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ExhibItalia Comes to H-Town

Handbag heaven: Italian experts offer tips on how to find the perfect purse

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Italian handbags April 2014 Veragioia elana on bridge with hobo with fringe
Veragioia hobo handbag with fringe. Photo courtesy of Veragioia
Ida de Rosis Italian bag 9765
Ida de Rosis Corallo handbag. Photo courtesy of Ida de Rosis
Italian handbags April 2014 Veragioia elana on bridge white medicine bag in alley
Veragioia white medicine bag. Photo courtesy of Veragioia
Ida de Rosis Italian bag 9742
Ida de Rosis Diletta handbag. Photo courtesy of Ida de Rosis
Italian handbags April 2014 Veragioia elana against wall white tote
Veragioia white tote. Photo courtesy of Veragioia
Ida de Rosis Italian handbag at exhibITALIA
Ida de Rosis with Ghost handbag. Courtesy photo
Italian handbags April 2014 Veragioia elana on bridge with hobo with fringe
Ida de Rosis Italian bag 9765
Italian handbags April 2014 Veragioia elana on bridge white medicine bag in alley
Ida de Rosis Italian bag 9742
Italian handbags April 2014 Veragioia elana against wall white tote
Ida de Rosis Italian handbag at exhibITALIA

With so many handbags available at just every every store around, how can you tell the real thing from a knock-off? And is a four-figure bag really worth the price?

With ExhibitItalia, a "Made in Italy" exhibition featuring more than 100 Italian companies and manufacturers in Houston this weekend, it seemed like the perfect opportunity to ask handbag importers and designers to tell us what they look for when looking for a handbag.

Italian handbag designer Ida De Rosis and Elizabeth Corsetti, whose Austin-based company is the exclusive US importer for Veragioia handbags from Italy, offer these tips:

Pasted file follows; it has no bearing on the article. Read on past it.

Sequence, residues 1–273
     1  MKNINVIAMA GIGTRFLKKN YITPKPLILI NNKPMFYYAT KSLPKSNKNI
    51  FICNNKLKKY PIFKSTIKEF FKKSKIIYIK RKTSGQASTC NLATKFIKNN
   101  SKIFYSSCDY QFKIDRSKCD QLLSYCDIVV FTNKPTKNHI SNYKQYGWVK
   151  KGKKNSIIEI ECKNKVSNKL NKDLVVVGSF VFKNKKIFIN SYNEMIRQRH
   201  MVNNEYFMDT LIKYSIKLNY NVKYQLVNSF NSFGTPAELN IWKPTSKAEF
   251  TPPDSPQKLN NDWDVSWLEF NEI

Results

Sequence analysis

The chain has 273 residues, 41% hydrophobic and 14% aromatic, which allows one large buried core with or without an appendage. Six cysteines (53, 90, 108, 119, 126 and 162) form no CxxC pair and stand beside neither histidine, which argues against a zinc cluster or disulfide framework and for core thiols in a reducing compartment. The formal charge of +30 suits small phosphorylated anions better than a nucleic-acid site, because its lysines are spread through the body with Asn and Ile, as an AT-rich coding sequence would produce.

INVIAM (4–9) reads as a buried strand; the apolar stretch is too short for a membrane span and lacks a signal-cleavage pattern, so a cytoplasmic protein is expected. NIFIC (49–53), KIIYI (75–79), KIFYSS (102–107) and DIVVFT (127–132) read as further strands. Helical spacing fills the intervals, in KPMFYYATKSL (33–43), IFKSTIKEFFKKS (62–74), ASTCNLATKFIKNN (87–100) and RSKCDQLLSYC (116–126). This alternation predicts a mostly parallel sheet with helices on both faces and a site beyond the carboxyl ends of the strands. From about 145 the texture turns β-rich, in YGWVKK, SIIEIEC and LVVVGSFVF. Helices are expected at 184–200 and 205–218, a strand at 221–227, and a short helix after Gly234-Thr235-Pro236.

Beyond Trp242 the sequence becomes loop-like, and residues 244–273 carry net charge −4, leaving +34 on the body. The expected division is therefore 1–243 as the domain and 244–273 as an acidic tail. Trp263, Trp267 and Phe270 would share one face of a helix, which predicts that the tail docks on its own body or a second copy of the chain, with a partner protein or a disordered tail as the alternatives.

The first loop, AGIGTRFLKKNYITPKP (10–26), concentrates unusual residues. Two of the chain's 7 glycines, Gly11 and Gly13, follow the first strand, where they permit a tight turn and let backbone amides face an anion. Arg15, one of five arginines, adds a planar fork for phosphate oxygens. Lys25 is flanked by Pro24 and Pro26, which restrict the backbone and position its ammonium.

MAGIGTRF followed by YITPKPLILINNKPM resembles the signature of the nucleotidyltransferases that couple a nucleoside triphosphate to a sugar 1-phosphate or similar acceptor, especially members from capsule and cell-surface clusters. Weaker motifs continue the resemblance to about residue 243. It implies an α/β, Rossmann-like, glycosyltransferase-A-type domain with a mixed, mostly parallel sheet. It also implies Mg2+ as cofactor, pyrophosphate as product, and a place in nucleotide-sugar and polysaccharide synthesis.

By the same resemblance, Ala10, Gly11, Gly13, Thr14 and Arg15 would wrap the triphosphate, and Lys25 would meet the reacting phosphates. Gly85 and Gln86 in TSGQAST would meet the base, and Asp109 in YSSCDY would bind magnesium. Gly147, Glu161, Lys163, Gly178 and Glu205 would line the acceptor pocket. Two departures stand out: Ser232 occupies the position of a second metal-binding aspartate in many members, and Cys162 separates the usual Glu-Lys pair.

What are you going to use it for?

"A customer with a strong personality knows well which is the right bag for any occasion," De Rosis says. "The handbag should convey the mood and the spirit of the moment. My ideal customer is a woman who desires style and fashion that complement her personality and doesn't need to just carry a label. She is a person with a strong personality who chooses to wear a piece of 'art fashion' to underline her good taste."

 "Try this: remove the brand and logos from a purse and guess who made it. You may be surprised at the result," De Rosis says. 

De Rosis says the brand logo on her handbags is less prominent because a bag should be noticed for its style, not brand. "Try this: remove the brand and logos from a purse and guess who made it. You may be surprised at the result," she says.

Where is it made?

Look at the label closely. Many bag manufacturers — and even some top designers — ship parts of a handbag made elsewhere to Italy to add on  a final strap or tag and then call it, "Made in Italy." To be sure that the entire bag was in fact made there, make sure the tag says, "100% Made in Italy," Corsetti says.

Check the leather

In a leather bag the first thing to check is, obviously, the leather. "You should check the patches that compose the bag. The bigger, the better," De Rosis says.